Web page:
Employment: The presence of a criminal record can more than halve the chances that a job applicant will receive a call back for a job interview.

Housing: Finding housing (public or private) is extremely difficult with a criminal record. This results in increased homelessness and split families – where the person with a record (a parent, child, or other family member) is forced to find shelter elsewhere.

Education: Despite no established link between criminal records and campus safety, records make admission into higher education – and financial assistance to support it – very difficult.

Working in licensed places and positions: State law prohibits people with certain records from working in fields or facilities with vulnerable people. Here, hundreds of crimes disqualify job applicants from seven years to life for records ranging from conviction to mere arrest.

Immigration: Criminal records can have a profound and permanent effect on one’s immigration status, results ranging from the inability to naturalize (and petition family members to live in the US) to deportation.

Voting: 70,000 Minnesotans can’t vote due to a felony conviction. This disproportionately impacts African Americans (10% disenfranchised) and Native Americans (6.5%). Meanwhile, research has shown that civic engagement can reduce recidivism.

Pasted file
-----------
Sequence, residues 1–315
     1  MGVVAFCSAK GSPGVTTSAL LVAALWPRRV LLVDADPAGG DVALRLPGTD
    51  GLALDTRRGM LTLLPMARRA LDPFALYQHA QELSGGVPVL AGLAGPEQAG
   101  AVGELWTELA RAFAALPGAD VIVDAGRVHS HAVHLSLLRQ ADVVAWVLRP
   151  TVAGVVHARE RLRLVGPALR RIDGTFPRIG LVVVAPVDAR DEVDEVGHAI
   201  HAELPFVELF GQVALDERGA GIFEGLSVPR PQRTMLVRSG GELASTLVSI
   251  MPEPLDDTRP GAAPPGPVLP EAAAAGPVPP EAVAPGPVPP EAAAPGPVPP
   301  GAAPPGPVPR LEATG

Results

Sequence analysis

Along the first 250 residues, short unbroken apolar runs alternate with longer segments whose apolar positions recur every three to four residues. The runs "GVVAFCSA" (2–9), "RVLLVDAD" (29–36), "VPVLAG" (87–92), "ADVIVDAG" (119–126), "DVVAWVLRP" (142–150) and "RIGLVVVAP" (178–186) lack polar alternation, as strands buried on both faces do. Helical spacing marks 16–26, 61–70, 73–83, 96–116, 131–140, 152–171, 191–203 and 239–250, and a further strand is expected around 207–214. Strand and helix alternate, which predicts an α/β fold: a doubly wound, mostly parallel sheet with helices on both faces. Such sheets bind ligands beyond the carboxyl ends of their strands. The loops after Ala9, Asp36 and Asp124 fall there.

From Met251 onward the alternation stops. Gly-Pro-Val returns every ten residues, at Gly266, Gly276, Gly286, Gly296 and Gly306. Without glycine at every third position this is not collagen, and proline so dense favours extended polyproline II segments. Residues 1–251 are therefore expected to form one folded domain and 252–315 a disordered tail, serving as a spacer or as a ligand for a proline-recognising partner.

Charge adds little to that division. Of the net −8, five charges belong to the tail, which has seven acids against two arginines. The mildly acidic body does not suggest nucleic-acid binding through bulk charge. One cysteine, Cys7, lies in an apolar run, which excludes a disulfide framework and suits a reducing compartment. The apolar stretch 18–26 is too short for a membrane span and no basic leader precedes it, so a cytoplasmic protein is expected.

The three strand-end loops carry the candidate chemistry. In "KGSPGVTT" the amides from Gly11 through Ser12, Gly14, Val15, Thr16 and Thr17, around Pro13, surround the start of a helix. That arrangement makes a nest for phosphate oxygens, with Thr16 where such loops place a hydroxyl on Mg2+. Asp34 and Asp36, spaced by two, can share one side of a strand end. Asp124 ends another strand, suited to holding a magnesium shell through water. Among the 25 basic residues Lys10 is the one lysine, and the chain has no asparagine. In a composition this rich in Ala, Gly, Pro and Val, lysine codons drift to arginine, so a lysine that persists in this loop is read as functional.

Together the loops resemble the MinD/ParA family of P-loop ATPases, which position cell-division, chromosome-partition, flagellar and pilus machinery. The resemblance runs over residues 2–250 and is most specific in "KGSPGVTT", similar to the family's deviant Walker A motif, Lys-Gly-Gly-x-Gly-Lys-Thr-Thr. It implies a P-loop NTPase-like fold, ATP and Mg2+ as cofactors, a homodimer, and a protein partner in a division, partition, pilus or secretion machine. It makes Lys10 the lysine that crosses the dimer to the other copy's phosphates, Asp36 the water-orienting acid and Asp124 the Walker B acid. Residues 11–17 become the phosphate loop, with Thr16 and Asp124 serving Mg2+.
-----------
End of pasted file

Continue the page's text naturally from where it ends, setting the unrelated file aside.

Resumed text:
Travel: Criminal records can prevent people from traveling outside of the United States, from crossing the Canadian border to obtaining a travel visa.

Government assistance: Criminal records, drug convictions in particular, can cause blockades to receiving government assistance for individuals and their families.

Attorney: Underage Drinking; Furnishing Alcohol to a Minor; Possession and Conspiracy to Sell Controlled Substances; Assault; Driving While Intoxicated; Child Endangerment

hands story

Freshman year, I started drinking.

Sophomore year, I was a go-between for a dope dealing friend and the football team. He sold more than just pot — ecstasy, sheets and sheets of acid — but I never ran more than marijuana. 

Junior year, I spent Tuesday nights loading up my bloodstream with drinks and my car with pounds of marijuana for a friend from a nearby town. It’s amazing I was never pulled over on the long drive back.

Senior year, my friends and I made a lot of money selling keg beer and jungle juice to underage kids.

In law school, I got into a drunken street fight. My friend pulled me out of the middle just as the cops were closing in.

Up until a few years ago, I was still driving drunk. I knew what I was doing was wrong and how stupid it was. For example, one night after four tallboys, I drove my little girl home in a car with a broken taillight, right through an area heavy with police presence. Two weeks later on the same stretch, I was pulled over for the taillight – but this time, I was sober.

I still mind-trip over that: it’s just pure luck that I wasn’t stopped the night I’d been drinking. If I had been, they probably would have taken my daughter from me.

How would my life be different had I been caught? In college, I probably would have gotten wrapped up in the system. I was an angsty alcoholic – angry and with a bad attitude. I could see how that, if coupled with police interaction, could have ended poorly.

If I had been caught for some of the later activities, I don’t know where I’d be. Once you reach a certain point, once you’re a certain age, people are no longer willing to forgive.